London Mayor Sadiq Khan Sought Israel's Advice on Fighting Terror - Justin Cohen (Jewish News-UK)
London Mayor Sadiq Khan has sought advice from Israel about how to better combat terrorism after the Manchester and London Bridge attacks.
He said in an interview that both his office and Metropolitan Police assistant commissioner Mark Rowley, the head of national counter-terrorism policing, have been in touch with officials in Israel.
Civilian Self-Defense Is Essential to Combat Modern Terrorism - Uriel Lynn (Jerusalem Post)
The best intelligence will not be good enough and the most capable police force will not be able to fully protect the populace from terrorist attacks.
Europe's approach to fighting terrorism neglects an extremely important dimension: civilian self-defense. It will not deter terrorist attacks nor will it entirely prevent casualties - but it will certainly reduce the losses.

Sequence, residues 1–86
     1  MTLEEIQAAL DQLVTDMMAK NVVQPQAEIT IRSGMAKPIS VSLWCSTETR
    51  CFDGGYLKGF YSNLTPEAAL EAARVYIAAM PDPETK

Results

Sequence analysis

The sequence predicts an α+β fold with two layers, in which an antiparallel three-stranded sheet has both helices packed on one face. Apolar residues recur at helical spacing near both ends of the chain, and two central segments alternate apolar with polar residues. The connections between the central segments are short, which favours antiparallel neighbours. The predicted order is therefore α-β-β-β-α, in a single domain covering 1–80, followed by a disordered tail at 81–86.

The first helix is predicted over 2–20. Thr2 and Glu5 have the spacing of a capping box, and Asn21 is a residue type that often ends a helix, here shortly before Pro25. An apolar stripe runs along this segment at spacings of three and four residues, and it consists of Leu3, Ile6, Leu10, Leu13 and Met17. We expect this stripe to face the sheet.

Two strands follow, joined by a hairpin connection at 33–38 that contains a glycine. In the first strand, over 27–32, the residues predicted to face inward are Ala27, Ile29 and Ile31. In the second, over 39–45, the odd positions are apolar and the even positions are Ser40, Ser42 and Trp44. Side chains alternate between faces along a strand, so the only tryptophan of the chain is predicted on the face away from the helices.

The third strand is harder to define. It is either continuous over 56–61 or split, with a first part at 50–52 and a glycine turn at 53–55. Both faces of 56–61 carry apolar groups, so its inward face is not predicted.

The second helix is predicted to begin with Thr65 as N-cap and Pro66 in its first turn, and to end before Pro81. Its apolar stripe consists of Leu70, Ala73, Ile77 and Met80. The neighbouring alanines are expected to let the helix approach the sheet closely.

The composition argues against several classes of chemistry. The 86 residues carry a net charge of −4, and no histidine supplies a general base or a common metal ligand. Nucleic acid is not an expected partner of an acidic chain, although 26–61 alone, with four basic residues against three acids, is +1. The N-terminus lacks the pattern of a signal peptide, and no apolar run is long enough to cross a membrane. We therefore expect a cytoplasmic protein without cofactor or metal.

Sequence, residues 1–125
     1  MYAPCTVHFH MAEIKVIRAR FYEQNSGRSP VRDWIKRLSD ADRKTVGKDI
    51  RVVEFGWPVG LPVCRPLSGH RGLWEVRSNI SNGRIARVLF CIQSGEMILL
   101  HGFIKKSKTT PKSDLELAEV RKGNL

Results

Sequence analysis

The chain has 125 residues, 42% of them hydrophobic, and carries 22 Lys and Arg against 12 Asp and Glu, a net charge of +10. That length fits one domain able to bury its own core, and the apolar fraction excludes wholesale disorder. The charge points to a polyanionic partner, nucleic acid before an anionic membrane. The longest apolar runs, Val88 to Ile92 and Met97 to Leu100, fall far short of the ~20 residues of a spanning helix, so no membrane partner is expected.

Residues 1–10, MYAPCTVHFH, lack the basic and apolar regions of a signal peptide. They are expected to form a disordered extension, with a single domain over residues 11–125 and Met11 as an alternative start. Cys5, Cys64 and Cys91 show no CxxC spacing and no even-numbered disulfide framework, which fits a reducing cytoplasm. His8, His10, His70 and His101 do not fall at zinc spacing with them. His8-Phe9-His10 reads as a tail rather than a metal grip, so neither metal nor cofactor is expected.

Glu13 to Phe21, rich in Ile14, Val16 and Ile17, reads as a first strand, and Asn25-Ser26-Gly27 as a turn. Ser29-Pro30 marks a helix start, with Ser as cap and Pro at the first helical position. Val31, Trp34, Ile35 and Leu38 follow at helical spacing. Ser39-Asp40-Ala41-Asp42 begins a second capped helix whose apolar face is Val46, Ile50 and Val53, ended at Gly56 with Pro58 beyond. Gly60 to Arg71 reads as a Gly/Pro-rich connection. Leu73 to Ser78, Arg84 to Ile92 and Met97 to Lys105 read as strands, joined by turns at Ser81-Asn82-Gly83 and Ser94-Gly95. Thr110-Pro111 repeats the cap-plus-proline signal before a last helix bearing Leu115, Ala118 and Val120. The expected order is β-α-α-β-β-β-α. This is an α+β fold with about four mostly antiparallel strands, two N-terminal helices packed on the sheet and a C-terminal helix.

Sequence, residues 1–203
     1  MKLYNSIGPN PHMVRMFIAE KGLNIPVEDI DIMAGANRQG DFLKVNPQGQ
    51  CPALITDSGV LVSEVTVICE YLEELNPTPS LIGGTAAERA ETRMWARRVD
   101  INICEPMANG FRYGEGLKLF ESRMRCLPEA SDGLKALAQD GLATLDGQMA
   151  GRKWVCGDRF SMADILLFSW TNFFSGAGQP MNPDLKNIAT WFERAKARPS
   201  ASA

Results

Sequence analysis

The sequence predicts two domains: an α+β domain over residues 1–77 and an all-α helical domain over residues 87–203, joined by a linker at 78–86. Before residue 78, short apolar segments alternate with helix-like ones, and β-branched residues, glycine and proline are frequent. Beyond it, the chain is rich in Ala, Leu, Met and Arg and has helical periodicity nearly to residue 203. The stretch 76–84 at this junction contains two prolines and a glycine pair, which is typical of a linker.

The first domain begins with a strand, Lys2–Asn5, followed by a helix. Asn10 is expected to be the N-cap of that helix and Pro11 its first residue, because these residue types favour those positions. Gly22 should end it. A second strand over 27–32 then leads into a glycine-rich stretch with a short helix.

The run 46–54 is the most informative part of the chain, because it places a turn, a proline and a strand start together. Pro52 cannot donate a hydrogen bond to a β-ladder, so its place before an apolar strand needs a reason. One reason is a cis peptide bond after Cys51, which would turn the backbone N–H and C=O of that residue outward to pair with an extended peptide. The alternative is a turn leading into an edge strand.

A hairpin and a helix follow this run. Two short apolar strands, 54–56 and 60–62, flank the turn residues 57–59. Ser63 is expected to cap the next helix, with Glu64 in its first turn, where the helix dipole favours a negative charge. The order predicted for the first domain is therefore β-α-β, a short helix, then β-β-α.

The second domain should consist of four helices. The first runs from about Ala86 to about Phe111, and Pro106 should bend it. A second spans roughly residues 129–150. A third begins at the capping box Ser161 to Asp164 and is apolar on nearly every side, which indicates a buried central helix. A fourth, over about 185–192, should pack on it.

We have seen this on many occasions in Israel, where during many terrorist attacks it has been armed civilians that shot down the terrorists and ended the massacre.
The model should not be the U.S., where any individual can purchase firearms, but rather Israel, where qualified individuals, on a selective basis, are granted permission to carry firearms.
The writer, former chairman of the Knesset Constitution, Law and Justice Committee, is president of the Federation of Israeli Chambers of Commerce.
PA Warns of Israeli Penetration in Africa (Middle East Monitor)
The Palestinian Authority ambassador at the Arab League, Jamal Al-Shoubaki, warned on Monday of Israeli penetration in Africa, Anadolu has reported.
"Israel has been marketing itself as a state that offers solutions for the crises of the neighboring countries," he said.
He revealed that Israel currently maintains good relations with 45 African countries; in 1974, that figure was just five.
West Bank Water Theft by Palestinians - Jacob Magid (Times of Israel)
The Shiloh pipeline, which provides water to the Jewish community of Migdalim as well as to nearby Palestinian villages, was shut off last week by Israel's water authority.